Three cups of tea can keep you out of hospital 68



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It seems every day there’s a new story extolling the virtues of coffee, but now tea-lovers can rejoice. Researchers from the University of Western Australia have discovered a surprising benefit to drinking black tea, and shown it only takes three cups to reap the rewards.

The prospective, observational study of 1200 women found that those who drank three or more cups of black leaf tea a day were 30 per cent less likely to have any osteoporotic fracture over 10 years compared with those who drank one cup or fewer per week.

Falls and bone fractures are the second second biggest cause of hospital emergency admissions for those aged 70 and over, greater than that of strokes, disease, or dementia.

According to the World Health Organisation, around a third of people aged 65 and over will suffer a fall each year worldwide, and this research suggest tea lovers will fare better.

This means your lifelong love of tea, puts you in a strong position to prevent bone fractures.

Tea’s magic ingredient is flavonoids, which the researchers say may benefit vascular health and improve bone mineral density.

The study found that women in the highest third of overall dietary flavonoid intake had a 35 per cent lower risk of any osteoporotic fracture compared with those in the bottom third.

“Flavonoids are a class of phytochemicals present at high levels in tea. Observational studies have found that higher tea and flavonoid intakes are associated with higher bone mineral density,” said Professor Jonathan M. Hodgson from the School of Medicine and Pharmacology at Royal Perth Hospital.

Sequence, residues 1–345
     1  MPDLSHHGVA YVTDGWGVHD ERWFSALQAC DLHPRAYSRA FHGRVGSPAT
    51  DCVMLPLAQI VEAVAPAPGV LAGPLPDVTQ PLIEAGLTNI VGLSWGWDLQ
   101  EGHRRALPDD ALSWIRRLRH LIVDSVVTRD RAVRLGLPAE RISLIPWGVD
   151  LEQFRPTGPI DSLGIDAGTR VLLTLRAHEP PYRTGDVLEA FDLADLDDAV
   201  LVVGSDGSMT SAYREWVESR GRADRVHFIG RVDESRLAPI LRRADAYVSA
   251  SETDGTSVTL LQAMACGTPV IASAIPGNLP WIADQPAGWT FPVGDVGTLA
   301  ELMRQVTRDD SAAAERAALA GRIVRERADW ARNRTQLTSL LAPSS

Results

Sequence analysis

“We found that a higher intake of black tea and particular classes of flavonoids, some of which are derived primarily from tea, were associated with lower risk of fracture-related hospitalisations in older women”.

Are you a tea lover? Does this news make you love your cuppa even more? For fun, tell us how you like your tea!

Starts at 60 Writers

The Starts at 60 writers team seek out interesting topics and write them especially for you.

  1. I hope there isn’t an upper limit that reverses the benefit!
    I drink 7 to 10 cups a day, unmilked and unsweetened.

  2. As long as it is the proper stuff and not adultorated with milk and sugar. I grew up drinking tea with a grandfather who insisted the big old enamel teapot sat on the back of the wood stove all day and stewed. So one could stand the spoon up in a cuppa.

    My step father was the same. First thing make a large pot of tea and then put it on the stove for 30 minutes before he would pour a cuppa.

    One thing I liked about Japan every time I’ve been there is the beautiful green teas they have.

    At least once a day I have a large mug of tea which is made with 3 tea bags. Does that pass as three cups? B|

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